Hagley Hall

Resource Type: Image | Posted on 28th November 2011 by Liam Physick

This photograph depicts Great Western Railway No. 4930 Hagley Hall, named after an eighteenth-century manor house in Hagley, Worcestershire. It belongs to the GWR’s 4900 Class, also known as the Hall Class, a class of 259 4-6-0 mixed-traffic steam locomotives built by Charles Collett between 1928 and 1943. They were numbered 4900-4999, 5900-5999 and 6900-6958, and influenced the designs of the London, Midland and Scottish Railway’s Black Five Class and the London and North Eastern Railway’s Thompson Class B1. They arose from a 1924 rebuild of GWR Saint Class (officially 2900 Class) No. 2925 Saint Martin, which was given smaller driving wheels, a realignment of the cylinders in relation to the driving axle and a more modern “Castle”-type cab. The Saint Martin, renumbered 4900, embarked on three years of trials, in which Collett altered the pitch of the taper boiler and added outside steam pipes. The rebuilt locomotive’s performance so impressed Collett that he ordered more engines of the same type from Swindon works: the first 14 proved themselves in a trial on the tough Cornish main line, and their success led to yet more being commissioned. The Hagley Hall, launced in May 1929, was initially allocated to Wolverhampton Stafford Road. In April 1941, a bombing raid on Plymouth directly hit No. 4911 Bowden Hall, which was consequently scrapped: the remaining Halls entered British Railways service in 1948. They were withdrawn between 1959 and 1965, but 11 have been preserved and one of those, No. 5972 OIton Hall, currently based at the West Coast Railway Company, has found fame as the locomotive used to pull the Hogwarts Express in the Harry Potter films. Additionally, five more are being restored, another, No. 4942 Maindy Hall, based at the Didcot Railway Centre, is being converted back into a Saint Class engine, and No. 7927 Willington Hall is providing parts for No. 1014 County of Glamorgan (a replica of a GWR locomotive of the same name and number scrapped in April 1964 - no original members of the 1000 Class, also known as the County Class, have survived). Having moved around the Midland and Southern sections of BR’s Western Region (the former GWR), the Hagley Hall was withdrawn from service in December 1963, having covered 1,295,236 miles, and sold to the infamous Barry scrapyard, where it arrived in April 1964. In 1972, it was bought by the Severn Valley Railway, and arrived there on 6th January 1973. Restored to working order in 1979, it returned to passenger service on 22nd September that year when it double-headed with LMS Black Five No. 5000 a railway enthusiasts’ special train over the North and West route. It also ran on the main line, as far north as Chester and as far south as Plymouth: on 30th July 1984 it pulled the official train at the reopening of Kidderminster Town station. In October 1986 it was withdrawn in order to be overhauled, and in 1999 the Severn Valley Railway loaned it to Swindon’s Macarthur Glen shopping centre as a static exhibit. It returned to the Severn Valley in June 2007 and is on display outside Highley station in the Engine House which opened in 2008 following delays due to flooding. There are hopes of returning it to steam in the near future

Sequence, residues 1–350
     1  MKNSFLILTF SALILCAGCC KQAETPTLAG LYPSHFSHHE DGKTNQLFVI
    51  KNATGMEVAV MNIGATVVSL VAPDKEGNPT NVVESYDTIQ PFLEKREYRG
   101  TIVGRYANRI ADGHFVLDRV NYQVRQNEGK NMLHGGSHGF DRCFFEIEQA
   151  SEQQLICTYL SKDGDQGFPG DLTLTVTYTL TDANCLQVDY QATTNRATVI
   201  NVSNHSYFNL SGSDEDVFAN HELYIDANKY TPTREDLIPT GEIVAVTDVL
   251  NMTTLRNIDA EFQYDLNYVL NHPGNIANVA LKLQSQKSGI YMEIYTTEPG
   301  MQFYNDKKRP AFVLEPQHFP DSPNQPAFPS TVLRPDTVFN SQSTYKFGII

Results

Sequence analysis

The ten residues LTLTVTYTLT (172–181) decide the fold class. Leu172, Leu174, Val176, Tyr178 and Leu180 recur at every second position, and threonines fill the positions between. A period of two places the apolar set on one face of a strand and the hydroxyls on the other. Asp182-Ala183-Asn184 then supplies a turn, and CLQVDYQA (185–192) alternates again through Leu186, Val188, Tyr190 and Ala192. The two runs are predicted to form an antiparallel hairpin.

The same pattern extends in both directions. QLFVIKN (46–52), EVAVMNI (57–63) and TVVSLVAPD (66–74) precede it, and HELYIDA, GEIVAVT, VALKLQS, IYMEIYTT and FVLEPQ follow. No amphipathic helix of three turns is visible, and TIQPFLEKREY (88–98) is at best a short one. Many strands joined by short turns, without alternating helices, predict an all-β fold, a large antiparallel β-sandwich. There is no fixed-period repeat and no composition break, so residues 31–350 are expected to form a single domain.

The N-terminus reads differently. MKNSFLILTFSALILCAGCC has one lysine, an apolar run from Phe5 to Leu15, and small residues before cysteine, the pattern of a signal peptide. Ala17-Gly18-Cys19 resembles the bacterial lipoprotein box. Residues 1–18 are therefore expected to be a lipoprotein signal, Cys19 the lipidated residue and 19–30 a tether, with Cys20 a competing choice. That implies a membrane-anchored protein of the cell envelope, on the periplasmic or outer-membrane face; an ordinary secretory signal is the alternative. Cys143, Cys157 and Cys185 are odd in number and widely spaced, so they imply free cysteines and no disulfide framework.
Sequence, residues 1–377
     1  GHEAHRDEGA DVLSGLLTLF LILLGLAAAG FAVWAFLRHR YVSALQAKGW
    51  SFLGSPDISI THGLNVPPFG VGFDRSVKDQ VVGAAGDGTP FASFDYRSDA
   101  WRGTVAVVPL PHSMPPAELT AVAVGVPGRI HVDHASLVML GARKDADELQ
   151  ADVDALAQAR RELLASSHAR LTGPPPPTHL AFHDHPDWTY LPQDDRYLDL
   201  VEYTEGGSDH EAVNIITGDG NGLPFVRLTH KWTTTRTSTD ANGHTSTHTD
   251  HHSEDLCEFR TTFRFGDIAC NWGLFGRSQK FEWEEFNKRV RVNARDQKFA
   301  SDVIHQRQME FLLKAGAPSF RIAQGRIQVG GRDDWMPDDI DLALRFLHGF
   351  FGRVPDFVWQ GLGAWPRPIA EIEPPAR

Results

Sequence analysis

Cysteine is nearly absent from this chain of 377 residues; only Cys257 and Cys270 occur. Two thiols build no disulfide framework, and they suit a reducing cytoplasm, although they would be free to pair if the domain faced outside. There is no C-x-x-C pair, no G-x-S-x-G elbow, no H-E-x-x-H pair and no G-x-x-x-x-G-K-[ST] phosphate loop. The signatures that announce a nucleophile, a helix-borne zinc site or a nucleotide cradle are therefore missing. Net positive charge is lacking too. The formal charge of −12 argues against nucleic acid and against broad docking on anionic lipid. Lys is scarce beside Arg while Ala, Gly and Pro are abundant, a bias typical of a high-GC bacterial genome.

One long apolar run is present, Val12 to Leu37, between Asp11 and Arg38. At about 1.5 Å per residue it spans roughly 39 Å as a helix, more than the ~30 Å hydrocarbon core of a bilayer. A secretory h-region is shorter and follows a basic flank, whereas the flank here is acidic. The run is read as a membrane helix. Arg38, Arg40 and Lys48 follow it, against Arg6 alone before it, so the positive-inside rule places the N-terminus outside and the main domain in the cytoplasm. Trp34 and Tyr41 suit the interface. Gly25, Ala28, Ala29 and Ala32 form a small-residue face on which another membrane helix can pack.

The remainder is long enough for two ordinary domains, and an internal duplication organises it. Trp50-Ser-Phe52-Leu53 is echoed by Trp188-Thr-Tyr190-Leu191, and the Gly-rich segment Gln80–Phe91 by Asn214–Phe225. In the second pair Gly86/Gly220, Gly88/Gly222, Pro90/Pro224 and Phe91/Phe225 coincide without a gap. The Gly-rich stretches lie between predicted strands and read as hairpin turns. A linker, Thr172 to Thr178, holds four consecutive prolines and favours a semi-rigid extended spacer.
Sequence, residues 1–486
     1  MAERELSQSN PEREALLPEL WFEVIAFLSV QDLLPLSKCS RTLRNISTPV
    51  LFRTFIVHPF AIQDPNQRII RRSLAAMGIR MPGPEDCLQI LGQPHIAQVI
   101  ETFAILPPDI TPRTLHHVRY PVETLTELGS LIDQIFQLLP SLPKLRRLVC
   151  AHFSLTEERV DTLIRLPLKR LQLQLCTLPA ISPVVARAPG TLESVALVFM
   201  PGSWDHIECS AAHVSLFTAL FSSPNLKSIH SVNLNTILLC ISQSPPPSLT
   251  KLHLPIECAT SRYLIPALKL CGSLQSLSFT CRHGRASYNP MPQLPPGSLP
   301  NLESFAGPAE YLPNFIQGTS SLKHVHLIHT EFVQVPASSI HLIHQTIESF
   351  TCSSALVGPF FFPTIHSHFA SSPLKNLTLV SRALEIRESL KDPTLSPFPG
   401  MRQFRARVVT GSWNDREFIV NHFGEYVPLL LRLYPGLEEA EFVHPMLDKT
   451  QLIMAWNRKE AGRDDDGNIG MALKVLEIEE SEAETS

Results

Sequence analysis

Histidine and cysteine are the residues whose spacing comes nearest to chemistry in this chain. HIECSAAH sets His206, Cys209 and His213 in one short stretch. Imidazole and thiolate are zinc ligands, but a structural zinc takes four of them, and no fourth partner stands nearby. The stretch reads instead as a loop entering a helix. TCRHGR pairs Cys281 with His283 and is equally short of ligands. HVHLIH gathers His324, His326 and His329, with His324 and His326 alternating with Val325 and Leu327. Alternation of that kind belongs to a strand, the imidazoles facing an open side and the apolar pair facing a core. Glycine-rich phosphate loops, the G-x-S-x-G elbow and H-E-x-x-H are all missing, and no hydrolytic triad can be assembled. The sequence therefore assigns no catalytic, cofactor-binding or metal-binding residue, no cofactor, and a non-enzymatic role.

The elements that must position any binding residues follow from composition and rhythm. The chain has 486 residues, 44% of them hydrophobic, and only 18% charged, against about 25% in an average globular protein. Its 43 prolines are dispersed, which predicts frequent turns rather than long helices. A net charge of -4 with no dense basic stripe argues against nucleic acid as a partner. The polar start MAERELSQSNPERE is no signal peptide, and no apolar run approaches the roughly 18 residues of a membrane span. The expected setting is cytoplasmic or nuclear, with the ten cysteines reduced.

Hagley Hall

Tagged under: steam locomotives, tender locomotives, rocket 150, british rail, grand cavalcade, heritage railways, london midland and scottish railway, great western railway, london and north eastern railway, harry potter

Categorised under: Landmarks, Landscapes & Locomotives

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